RLHT’s proposal for an endowed critical race theory chair (among other things) may be a clue to this puzzle. Within the framework of critical race theory, I can find a cohesive, if conspiratorial, explanation for RLHT’s description of SLS. From inception, critical theory—of which critical race theory is a second-generation offshoot—has had an unapologetic activist agenda and neo-Marxist roots. It aims to right wrongs, not pursue knowledge or abstract notions of truth. Indeed, truth—like rationality, equality, and other liberal values—is exposed as a mere instrument of power in the literature. What is offered in place of liberalism is a neo-Marxian prism that reduces the complexity of interests and diversity of values in our heterogeneous society into a simplistic, irreconcilable struggle between oppressors and oppressed. History, as we know, provides many reasons to be wary of attempts to divide things by two. More immediately, this Manichean outlook is not much different from the way Trump views the world in terms of winners—what his father called “killers and kings—and losers. The difference lies mainly in which side has claim to virtue. For Trump, it’s the winners, killers, oppressors. For critical theorists, it’s the oppressed. It is against this background that critical race theorists introduce the construct of race as a core axis of oppression.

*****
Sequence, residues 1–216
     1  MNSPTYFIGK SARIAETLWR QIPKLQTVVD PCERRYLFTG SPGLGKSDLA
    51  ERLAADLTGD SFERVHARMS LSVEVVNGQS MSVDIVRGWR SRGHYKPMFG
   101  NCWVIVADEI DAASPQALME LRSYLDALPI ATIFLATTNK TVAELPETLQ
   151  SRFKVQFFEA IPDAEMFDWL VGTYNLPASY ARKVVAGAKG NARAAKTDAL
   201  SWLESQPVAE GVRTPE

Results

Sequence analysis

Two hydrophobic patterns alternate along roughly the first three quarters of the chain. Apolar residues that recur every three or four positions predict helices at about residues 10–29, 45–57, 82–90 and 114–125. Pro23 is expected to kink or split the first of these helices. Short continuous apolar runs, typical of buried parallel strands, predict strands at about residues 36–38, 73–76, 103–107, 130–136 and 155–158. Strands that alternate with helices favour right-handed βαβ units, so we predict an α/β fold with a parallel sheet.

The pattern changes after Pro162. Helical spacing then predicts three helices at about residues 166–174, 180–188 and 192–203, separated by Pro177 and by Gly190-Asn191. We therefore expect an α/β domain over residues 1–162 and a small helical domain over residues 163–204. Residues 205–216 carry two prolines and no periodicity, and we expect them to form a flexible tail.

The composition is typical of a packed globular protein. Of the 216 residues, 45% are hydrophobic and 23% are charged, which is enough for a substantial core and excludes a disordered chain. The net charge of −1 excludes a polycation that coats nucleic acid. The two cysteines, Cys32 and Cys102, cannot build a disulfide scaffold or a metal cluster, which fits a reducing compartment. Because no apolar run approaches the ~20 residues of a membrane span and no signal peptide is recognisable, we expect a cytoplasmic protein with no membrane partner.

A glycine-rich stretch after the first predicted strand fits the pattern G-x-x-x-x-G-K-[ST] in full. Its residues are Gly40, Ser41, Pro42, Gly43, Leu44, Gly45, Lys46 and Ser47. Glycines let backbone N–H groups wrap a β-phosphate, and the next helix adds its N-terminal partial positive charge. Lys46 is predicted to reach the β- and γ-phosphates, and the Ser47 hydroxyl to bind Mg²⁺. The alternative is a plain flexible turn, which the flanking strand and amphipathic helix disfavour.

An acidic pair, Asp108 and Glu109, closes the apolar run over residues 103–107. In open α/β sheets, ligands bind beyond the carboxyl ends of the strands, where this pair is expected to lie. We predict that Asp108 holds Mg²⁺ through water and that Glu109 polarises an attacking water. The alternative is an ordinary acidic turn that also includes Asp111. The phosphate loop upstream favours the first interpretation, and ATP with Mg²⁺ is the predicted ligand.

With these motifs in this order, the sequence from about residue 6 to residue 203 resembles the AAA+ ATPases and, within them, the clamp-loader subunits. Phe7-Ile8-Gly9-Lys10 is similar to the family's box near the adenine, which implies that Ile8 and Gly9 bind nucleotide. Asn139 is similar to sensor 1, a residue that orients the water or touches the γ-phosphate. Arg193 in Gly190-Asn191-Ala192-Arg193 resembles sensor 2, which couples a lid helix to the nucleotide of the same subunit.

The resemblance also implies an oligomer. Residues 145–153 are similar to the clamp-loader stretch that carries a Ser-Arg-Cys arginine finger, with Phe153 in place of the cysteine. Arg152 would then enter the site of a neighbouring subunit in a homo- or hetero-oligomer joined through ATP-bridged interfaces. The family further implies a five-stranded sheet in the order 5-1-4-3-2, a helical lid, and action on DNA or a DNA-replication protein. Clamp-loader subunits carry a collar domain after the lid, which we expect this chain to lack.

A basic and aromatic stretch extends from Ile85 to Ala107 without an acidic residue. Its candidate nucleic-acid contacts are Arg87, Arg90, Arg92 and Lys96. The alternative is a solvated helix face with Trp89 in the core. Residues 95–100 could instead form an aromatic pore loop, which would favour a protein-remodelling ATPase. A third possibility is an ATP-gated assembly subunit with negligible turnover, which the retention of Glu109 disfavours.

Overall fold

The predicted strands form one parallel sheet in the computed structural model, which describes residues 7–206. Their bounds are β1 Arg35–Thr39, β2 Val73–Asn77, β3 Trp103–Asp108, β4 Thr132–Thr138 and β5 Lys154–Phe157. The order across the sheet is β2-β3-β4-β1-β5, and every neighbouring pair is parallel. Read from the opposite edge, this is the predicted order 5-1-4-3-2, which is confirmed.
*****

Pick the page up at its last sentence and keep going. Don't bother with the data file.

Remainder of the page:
As it happens, SLS became part of the history of critical race theory when it hired the late Derrick Bell, a chief progenitor of the discipline, to teach constitutional law in 1986. Bell would leave SLS on bad terms that same year after some students and faculty hosted “enrichment lectures” to supplement his class. SLS was either threatened by his interpretation of the constitution (according to Bell) or unsatisfied with his teaching. Nevertheless, by most accounts, Bell was a brilliant attorney and nonconformist thinker—an astute scholar who was as controversial as he was prolific. Bell is, in my estimation, key to understanding the substance and spirit of critical race theory.